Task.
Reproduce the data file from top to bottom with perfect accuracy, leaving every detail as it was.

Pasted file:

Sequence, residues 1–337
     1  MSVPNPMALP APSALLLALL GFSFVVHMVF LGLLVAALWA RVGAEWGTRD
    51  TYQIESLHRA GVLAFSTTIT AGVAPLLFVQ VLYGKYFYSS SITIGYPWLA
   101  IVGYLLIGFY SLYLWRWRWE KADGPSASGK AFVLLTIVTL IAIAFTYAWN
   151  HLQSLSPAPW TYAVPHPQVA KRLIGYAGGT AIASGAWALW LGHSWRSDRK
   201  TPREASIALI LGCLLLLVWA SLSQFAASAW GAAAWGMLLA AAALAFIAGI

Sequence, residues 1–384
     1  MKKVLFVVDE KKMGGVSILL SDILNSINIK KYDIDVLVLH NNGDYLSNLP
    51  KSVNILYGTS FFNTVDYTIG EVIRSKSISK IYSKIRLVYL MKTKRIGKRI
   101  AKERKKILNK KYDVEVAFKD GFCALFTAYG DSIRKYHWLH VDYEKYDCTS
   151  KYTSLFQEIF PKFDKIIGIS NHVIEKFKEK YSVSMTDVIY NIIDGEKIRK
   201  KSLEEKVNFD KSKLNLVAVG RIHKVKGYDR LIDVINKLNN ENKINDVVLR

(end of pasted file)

Sequence, residues 1–337
     1  MSVPNPMALP APSALLLALL GFSFVVHMVF LGLLVAALWA RVGAEWGTRD
    51  TYQIESLHRA GVLAFSTTIT AGVAPLLFVQ VLYGKYFYSS SITIGYPWLA
   101  IVGYLLIGFY SLYLWRWRWE KADGPSASGK AFVLLTIVTL IAIAFTYAWN
   151  HLQSLSPAPW TYAVPHPQVA KRLIGYAGGT AIASGAWALW LGHSWRSDRK
   201  TPREASIALI LGCLLLLVWA SLSQFAASAW GAAAWGMLLA AAALAFIAGI

Sequence, residues 1–384
     1  MKKVLFVVDE KKMGGVSILL SDILNSINIK KYDIDVLVLH NNGDYLSNLP
    51  KSVNILYGTS FFNTVDYTIG EVIRSKSISK IYSKIRLVYL MKTKRIGKRI
   101  AKERKKILNK KYDVEVAFKD GFCALFTAYG DSIRKYHWLH VDYEKYDCTS
   151  KYTSLFQEIF PKFDKIIGIS NHVIEKFKEK YSVSMTDVIY NIIDGEKIRK
   201  KSLEEKVNFD KSKLNLVAVG RIHKVKGYDR LIDVINKLNN ENKINDVVLR